Reflex – Dev Diary 63

With last weeks Steam test resulting in cloud sync issues I wanted to solve it as quickly as possible and get a reasonably finished build off to Steam for the release review process.

As I mentioned last time after I had tested my game on a second PC and returned to my development PC I was finding a warning message stating that a platform state hadn’t been set prior to remote syncing. I contacted YoYoGames support about it but didn’t really get anywhere so I would have to investigate myself.

I decided to see if it was something to do with the way I was testing the game; my development PC was running Reflex inside GMS via the Steam API, and my test PC was running Reflex installed through the Steam client. I wondered if that was making a difference. To test this out I uploaded a more recent build to Steamworks and installed it on the test PC and my development PC via Steam. This time the development PC synced the save files that had been created on the test PC, which was unexpected. Once I’d played on the dev PC I quit it and started the game on my test PC. Once again the files synced up and I could continue playing on the test PC.

So it turns out that Steam API gets a bit confused when a game is tested in GMS and not run through Steam. With this information, I added in a debug variable that would let me develop in GMS and avoid Steam. When I’m ready I can flip a switch and activate Steam again.

Now because the game is only supposed to run through the Steam client I was curious to know what other games do when the games are launched and Steam is now running. It turns out they do one of 2 things; either they crash for no reason with no display, or, they launch the steam client and continue. For Reflex I decided to go for a halfway house approach. The game will run but a message is displayed saying that the game cannot continue without Steam.

With the Steam aspects finally completed (hopefully), I could focus on other development work.

All the game text from world 1 to 3 has now been grammar and spelling checked through Grammarly.

The toggle doors looked a bit too much like the breakable walls so I’ve reworked them to have 6 small red lights on the top which turn green as the door opens.

The games external resource files (tutorial videos and English string library) have been moved into a resource folder to avoid having dozens of files in the installation folder.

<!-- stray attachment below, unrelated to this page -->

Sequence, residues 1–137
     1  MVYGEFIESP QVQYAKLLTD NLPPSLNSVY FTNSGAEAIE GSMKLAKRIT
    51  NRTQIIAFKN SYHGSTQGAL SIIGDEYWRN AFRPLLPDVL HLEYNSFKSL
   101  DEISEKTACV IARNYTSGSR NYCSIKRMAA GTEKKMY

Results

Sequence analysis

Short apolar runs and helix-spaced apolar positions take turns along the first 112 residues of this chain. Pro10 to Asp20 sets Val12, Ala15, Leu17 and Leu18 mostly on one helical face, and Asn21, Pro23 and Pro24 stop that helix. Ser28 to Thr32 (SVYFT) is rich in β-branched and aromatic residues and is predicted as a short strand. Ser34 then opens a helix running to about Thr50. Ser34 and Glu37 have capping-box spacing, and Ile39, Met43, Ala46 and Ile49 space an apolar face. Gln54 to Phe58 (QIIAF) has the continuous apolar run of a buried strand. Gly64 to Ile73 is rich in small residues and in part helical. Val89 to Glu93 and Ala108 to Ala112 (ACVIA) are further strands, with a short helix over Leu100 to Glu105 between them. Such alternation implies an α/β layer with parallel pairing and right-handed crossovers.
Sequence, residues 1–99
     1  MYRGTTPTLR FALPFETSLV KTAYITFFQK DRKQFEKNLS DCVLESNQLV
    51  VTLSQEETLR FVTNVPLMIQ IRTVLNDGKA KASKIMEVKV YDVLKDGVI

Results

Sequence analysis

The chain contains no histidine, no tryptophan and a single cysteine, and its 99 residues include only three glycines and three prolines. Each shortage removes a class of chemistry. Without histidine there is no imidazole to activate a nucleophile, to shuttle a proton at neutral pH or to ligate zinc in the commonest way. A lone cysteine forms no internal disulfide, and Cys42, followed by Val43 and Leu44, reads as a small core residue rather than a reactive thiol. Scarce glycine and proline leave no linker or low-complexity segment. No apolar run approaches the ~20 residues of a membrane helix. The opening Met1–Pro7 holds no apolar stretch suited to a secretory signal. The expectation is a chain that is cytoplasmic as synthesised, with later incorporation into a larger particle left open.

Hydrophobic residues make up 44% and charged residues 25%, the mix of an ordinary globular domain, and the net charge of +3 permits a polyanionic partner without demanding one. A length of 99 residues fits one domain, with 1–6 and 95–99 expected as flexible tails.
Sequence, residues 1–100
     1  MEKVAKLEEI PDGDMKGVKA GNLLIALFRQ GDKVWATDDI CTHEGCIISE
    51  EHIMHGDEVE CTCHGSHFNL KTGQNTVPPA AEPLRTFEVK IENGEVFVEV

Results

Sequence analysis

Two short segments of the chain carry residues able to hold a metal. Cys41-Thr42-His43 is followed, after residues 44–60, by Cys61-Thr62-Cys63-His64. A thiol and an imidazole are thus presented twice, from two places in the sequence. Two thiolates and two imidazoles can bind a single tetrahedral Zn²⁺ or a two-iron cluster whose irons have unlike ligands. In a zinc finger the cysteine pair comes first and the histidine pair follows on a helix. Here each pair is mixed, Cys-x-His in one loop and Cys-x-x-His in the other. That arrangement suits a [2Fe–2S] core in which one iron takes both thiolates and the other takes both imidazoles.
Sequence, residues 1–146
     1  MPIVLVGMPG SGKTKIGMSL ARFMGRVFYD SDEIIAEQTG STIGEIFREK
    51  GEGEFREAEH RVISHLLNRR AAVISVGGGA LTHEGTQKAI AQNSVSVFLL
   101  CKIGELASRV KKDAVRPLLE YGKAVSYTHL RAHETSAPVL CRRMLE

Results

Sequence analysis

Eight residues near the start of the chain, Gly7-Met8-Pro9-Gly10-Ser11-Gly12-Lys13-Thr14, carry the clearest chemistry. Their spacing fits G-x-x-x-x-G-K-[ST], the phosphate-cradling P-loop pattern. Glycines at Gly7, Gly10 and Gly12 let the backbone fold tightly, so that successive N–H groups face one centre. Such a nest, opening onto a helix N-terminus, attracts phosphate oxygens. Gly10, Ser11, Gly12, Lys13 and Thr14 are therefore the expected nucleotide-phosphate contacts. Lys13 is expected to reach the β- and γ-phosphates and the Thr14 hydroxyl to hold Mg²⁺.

I’ve added an additional 4 achievements to the game; 1000 components constructed, 750 components deconstructed, 100 portal uses, and a new hidden trophy; taking the number up to 38.

The construction and deconstruction animation was a little jerky near the end. It looked as if the components snapped into place and that’s not really what I was after. I’ve rewritten the process to use pixel-based scaling instead of lerp scaling (which creates a sliding effect) and recoded the timing so that the scaling ends at the correct point. Some of the components were also missing the scaling routine so that’s been corrected as well.

The new holder that I added last week got some more love. Like with the construction animation snapping the holder also exhibited the same effect. The missile would approach the holder and suddenly snap 10-20 pixels into the centre of the holder. Now I have the holder ‘catch’ the missile and drag it slowly into the centre where it wobbles as if trying to escape. Looks much better, but there might be a bug hiding in the wobble that I need to look out for.

World 4 levels, albeit not included in the initial Steam release, have now been fully tested and timed. World 5 levels are starting to come together and I’ve written the titles and level briefs for all the current 20 levels. World 5 will add in a few new twists for the last 5 or so levels that I don’t want to spoil here. These last levels are going to be quite something though. Very large and complex.

The world server that appears at the end of each world has been upgraded. previously it could be destroyed just like the reactors, turrets and communication dishes. Now, however, they will require 3 hits to fully destroy them.

I’ve had to re-write the screen resolution code so the game can handle non 16:9 resolutions better. I’ve tried the game on some of the more common non 16:9 resolutions like the laptop favourite 1366×768, and even the old 4:3 1280×1024 should be OK – although I really wouldn’t recommend it. Is there anyone using 4:3 monitors anymore?

And finally, transporter components in World 5 have been given a coloured light effect.

A pre-release Early Access build was sent to Steam for the review process this week, and I’m happy to report that it passed their checks. Reflex is all ready to go live on December 1st.